A shield is a large area of exposed Precambrian crystalline igneous and high-grade metamorphic rocks that form tectonically stable areas. These rocks are older than 570 million years and sometimes date back 2 to 3.5 billion years. They have been little affected by tectonic events following the end of the Precambrian, and are relatively flat regions where mountain building, faulting, and other tectonic processes are minor, compared with the activity at their margins and between tectonic plates.
The term shield, used to describe this type of geographic region, appears in the 1901 English translation of Eduard Suess's Face of Earth by H. B. C. Sollas, and comes from the shape "not unlike a flat shield" of the Canadian Shield which has an outline that "suggests the shape of the shields carried by soldiers in the days of hand-to-hand combat."
Shields occur on all continents.
A shield is that part of the continental crust in which these usually Precambrian basement rocks crop out extensively at the surface. Shields themselves can be very complex: they consist of vast areas of granitic or granodioritic gneisses, usually of tonalitic composition, and they also contain belts of sedimentary rocks, often surrounded by low-grade volcano-sedimentary sequences, or greenstone belts. These rocks are frequently metamorphosed greenschist, amphibolite, and granulite facies. It is estimated that over 50% of Earth's shields surface is made up of gneiss.
Erosion and landforms
Being relatively stable regions the relief of shields is rather old with elements such as peneplains being shaped in Precambrian times. The oldest peneplain identifiable in a shield is called a "primary peneplain", in the case of the Fennoscandian Shield this is the Sub-Cambrian peneplain.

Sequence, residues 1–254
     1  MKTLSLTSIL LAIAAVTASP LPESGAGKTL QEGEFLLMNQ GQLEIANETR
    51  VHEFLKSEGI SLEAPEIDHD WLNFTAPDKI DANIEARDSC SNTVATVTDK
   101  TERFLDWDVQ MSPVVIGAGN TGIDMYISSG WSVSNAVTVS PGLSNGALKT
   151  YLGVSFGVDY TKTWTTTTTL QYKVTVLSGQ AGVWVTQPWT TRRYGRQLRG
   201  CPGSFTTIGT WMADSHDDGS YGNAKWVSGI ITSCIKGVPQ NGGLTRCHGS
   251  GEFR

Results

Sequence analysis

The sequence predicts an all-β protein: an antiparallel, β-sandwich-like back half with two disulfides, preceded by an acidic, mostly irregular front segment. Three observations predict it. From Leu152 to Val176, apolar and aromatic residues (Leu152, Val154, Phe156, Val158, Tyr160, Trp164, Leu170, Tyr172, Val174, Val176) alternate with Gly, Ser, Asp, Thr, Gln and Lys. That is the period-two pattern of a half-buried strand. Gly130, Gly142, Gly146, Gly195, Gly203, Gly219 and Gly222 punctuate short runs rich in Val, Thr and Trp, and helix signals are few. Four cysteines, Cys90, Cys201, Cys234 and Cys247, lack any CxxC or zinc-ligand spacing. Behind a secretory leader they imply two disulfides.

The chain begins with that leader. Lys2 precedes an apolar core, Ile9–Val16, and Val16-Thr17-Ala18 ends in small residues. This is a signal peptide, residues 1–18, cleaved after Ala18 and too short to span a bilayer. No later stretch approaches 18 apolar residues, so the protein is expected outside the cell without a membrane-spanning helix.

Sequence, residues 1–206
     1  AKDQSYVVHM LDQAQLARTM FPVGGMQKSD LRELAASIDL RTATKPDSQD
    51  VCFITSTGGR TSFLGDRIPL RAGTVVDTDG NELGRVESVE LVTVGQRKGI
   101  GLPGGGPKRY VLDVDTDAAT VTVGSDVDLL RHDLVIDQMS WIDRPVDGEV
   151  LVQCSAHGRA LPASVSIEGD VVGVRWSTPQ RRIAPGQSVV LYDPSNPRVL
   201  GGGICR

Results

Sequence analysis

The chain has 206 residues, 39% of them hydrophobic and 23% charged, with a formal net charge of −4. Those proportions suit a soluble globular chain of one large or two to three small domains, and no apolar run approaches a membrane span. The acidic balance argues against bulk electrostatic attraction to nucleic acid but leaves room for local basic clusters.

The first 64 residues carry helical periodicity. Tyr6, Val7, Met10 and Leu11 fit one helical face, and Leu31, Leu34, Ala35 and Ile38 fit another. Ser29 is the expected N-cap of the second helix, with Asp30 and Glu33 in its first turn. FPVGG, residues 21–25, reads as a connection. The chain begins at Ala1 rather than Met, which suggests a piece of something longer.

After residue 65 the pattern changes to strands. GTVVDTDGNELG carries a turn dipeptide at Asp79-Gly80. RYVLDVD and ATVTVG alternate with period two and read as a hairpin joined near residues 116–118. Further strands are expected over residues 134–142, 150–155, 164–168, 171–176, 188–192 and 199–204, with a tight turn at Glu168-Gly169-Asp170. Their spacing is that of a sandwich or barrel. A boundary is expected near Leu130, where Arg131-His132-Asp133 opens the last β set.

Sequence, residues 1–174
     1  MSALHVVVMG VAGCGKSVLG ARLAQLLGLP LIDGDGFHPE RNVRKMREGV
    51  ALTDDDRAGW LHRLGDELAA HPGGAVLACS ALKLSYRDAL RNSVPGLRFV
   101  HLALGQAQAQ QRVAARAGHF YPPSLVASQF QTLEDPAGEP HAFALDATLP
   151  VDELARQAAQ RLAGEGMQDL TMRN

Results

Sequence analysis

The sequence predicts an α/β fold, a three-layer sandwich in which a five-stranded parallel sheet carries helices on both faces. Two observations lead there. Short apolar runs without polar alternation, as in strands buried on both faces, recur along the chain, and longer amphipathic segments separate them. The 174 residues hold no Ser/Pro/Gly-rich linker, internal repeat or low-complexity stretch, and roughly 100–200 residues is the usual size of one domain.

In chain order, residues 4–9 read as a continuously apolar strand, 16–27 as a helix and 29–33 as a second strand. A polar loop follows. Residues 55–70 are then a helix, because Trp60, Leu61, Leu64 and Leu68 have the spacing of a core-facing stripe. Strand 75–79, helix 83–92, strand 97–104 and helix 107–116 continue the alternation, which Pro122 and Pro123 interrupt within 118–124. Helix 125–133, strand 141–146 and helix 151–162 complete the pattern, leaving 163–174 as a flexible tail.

The landforms and shallow deposits of northern shields that have been subject to Quaternary glaciation and periglaciation are distinct from those found in closer to the equator. Shield relief, including peneplains, can be protected from erosion by various means. Shield surfaces exposed to sub-tropical and tropical climate for long enough time can end up being silicified, becoming hard and extremely difficult to erode. Erosion of peneplains by glaciers in shield regions is limited. In the Fennoscandian Shield average glacier erosion during the Quaternary amounts to tens of meters, albeit this was not evenly distributed. For glacier erosion to be effective in shields a long "preparation period" of weathering under non-glacial conditions may be a requirement.
In weathered and eroded shields inselbergs are common sights.
List of shields
- The Canadian Shield forms the nucleus of North America and extends from Lake Superior on the south to the Arctic Islands on the north, and from western Canada eastward across to include most of Greenland.
- The Atlantic Shield
- The Baltic (Fennoscandian) Shield is located in eastern Norway, Finland and Sweden.
- The African (Ethiopian) Shield is located in Africa.
- The Australian Shield occupies most of the western half of Australia.
- The Arabian-Nubian Shield on the western edge of Arabia.
- The Antarctic Shield.
- In Asia, an area in China and North Korea is sometimes referred to as the China-Korean Shield.
- The Angaran Shield, as it is sometimes called, is bounded by the Yenisey River on the west, the Lena River on the east, the Arctic Ocean on the north, and Lake Baikal on the south.
- The Indian Shield occupies two-thirds of the southern Indian peninsula.
- Kearey, Philip (2001). The New Penguin Dictionary of Geology. p. 243.
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- Nenonen, Keijo; Johansson, Peter; Sallasmaa, Olli; Sarala, Pertti; Palmu, Jukka-Pekka (2018). "The inselberg landscape in Finnish Lapland: a morphological study based on the LiDAR data interpretation". Bulletin of the Geological Society of Finland. 90: 239–256. doi:10.17741/bgsf/90.2.00.
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